The Future of Healthcare: Computerisation, Automation, and General Practice Services
Dr Matt Willis is the lead researcher for a study exploring automation in primary care, funded by the Health Foundation, based at the Oxford Internet Institute at the University of Oxford.
NHS General Practice in England faces multiple challenges as evidenced from multiple national organisations, policy groups, think tanks, and universities. Some of these challenges include skill shortages, staff retention, increased workloads, and financial burdens. Various strategies have been proposed to ameliorate these challenges, from increasing financial investments and renewing infrastructure to reorganising and redesigning staff. There is certainly no single solution that will create a robust, sustainable, and high performing general practice of the future. The research program detailed in this report outlines the development and interpretation of an evidence base to inform the conversation about the use of technological support within primary care. Specifically, to what extent can currently available automation technologies be applied in general practice? And, what kinds of work conducted by which type of staff are most amiable to automation? By understanding the scope of automation and the location of where to best apply potential technologies, primary care organisations, policy makers, and industry can make an informed decision on work digitisation and workforce transformation.
We employ a machine learning methodology and expert survey estimates of the state-of-the-art in automation technologies, in order to model the extent to which tasks can be technically automated within primary care today. To improve the robustness of this analysis, our data describing tasks and work in primary care is based on ethnographic observations at six primary care health centres in England, involving over 350 hours spent in understanding the scope of work for each staff type commonly found in primary care. From this analysis we develop an “automatability score” to identify the specific healthcare tasks that have the potential to be mostly or completely replaced by automation techniques. We further describe which skills, knowledge and ability characteristics are likely to complement such work.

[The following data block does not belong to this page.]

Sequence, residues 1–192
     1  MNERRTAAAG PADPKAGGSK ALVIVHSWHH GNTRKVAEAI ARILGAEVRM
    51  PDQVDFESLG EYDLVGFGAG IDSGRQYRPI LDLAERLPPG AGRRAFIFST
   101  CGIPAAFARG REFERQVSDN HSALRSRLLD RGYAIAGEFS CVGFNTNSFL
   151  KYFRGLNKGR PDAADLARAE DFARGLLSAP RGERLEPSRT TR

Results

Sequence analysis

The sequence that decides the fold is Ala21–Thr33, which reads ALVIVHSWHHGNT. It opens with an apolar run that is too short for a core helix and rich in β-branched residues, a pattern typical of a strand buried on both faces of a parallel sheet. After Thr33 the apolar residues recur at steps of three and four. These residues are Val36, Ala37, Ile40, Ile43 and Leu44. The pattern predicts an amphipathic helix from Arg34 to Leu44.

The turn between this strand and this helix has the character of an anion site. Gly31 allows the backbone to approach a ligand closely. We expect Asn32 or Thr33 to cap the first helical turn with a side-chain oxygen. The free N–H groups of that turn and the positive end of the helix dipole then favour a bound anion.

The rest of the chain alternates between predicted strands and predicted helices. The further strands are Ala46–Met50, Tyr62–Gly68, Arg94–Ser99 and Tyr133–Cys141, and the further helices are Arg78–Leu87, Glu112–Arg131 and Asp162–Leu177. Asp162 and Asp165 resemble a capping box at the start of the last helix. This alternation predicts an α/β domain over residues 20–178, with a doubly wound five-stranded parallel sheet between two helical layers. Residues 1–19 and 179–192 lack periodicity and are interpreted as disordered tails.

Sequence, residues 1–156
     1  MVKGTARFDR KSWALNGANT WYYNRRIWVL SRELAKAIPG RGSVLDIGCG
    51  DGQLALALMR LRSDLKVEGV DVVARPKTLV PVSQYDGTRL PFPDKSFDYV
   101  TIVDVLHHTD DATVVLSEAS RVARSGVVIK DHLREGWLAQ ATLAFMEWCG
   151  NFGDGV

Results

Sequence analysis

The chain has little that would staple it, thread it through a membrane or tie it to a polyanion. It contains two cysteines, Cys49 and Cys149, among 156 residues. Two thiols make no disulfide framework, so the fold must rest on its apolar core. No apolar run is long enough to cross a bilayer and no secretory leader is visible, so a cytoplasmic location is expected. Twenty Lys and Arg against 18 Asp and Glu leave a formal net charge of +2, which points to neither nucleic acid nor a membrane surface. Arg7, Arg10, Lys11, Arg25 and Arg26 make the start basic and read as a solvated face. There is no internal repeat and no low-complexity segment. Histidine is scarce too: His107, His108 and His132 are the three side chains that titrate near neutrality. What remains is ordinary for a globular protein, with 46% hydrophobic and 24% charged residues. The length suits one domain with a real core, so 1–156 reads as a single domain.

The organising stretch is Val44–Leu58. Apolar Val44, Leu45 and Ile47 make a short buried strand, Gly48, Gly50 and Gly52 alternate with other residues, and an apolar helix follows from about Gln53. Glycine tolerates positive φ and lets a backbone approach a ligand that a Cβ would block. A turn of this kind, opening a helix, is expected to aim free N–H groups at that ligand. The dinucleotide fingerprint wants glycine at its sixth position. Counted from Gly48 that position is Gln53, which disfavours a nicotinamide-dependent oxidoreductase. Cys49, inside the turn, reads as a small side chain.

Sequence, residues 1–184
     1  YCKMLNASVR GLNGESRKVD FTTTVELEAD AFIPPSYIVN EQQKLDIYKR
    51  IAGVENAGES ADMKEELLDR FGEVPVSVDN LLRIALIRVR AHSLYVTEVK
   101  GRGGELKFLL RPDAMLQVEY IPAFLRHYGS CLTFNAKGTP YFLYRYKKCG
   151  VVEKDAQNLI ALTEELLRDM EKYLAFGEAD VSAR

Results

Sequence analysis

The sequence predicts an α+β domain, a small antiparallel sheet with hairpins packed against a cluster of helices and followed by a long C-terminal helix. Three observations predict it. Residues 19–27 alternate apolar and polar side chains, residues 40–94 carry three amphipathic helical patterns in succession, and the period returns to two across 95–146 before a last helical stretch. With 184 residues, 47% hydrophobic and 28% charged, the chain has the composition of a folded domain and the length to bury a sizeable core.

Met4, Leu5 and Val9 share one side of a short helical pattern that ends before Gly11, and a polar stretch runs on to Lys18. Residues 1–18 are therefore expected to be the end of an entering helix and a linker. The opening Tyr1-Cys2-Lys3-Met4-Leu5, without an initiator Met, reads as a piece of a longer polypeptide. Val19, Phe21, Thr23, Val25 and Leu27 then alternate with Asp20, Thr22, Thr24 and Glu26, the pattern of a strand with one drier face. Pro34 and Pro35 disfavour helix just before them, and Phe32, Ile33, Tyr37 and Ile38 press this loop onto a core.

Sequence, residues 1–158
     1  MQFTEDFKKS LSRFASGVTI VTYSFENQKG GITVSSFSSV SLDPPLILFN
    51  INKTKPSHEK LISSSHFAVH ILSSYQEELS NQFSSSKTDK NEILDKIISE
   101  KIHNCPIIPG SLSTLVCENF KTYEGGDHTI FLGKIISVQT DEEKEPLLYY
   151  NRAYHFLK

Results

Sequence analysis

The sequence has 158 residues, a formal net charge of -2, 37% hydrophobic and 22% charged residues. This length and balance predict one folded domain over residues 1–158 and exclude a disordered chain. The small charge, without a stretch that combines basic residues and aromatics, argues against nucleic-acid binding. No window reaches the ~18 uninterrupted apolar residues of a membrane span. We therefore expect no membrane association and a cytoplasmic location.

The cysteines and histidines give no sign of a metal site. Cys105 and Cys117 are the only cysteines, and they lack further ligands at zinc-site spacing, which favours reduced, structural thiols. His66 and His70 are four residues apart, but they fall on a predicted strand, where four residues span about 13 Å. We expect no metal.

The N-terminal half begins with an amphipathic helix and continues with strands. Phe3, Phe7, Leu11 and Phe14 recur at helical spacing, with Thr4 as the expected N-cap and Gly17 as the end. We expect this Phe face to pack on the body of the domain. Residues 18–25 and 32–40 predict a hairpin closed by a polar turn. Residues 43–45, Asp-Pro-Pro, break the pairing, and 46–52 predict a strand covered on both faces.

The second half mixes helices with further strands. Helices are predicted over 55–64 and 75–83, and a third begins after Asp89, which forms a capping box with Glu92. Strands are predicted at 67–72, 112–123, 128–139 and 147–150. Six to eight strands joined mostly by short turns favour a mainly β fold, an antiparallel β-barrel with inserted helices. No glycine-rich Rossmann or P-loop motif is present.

Our principal finding is that approximately 44% of all administrative and clerical tasks in general practice can be either mostly or completely automated. We are excited by this finding because it shows the potential for rethinking the future of primary care, and also the potential (beneficial) impact of appropriately implemented technologies on the workforce. We also find that no single occupation can be entirely automated, but that different staff types will be able to have more or less of their work automated. This is another exciting finding because it provides evidence to consider how occupations may be redesigned: from considering new ways of working to adding tasks that bring more value to the patient and the community. Lastly, we focus on a few select exemplar tasks that illustrate the need to carefully consider and think through the implications of automating work in general practice. For example, new ways of working with a machine may necessitate new ways of training and educating staff. The introduction of technology into organisations will always have intended and unintended consequences; we try to highlight and anticipate the former throughout our investigation.
Throughout the project we have found that the automation technologies that promise to make a positive improvement in the workforce are those which automate mundane tasks. Automating and removing some of these tasks could free up countless hours where more urgent, rewarding, or patient-centred tasks can take their place. Automation technologies that assist with tasks such as telephone answering, letter writing, document scanning, email monitoring, and information filtering show the most potential, and would represent a remarkable change to the way all staff work in primary care. However, we note that the work in general practice, much of which seems mundane and routine, is full of complexities and exceptions. We hope that adopting a cautious and informed approach to task automation in general practice will allow for greater opportunities for mentorship, communication, multi-professional training, and increase opportunities to experiment with new ideas to improve patient care. At a minimum we believe reconsidering how the tasks we have highlighted are performed, and by whom, could contribute to an effective and efficient use of resources in primary care.
Source: Oxford Internet Institute 2020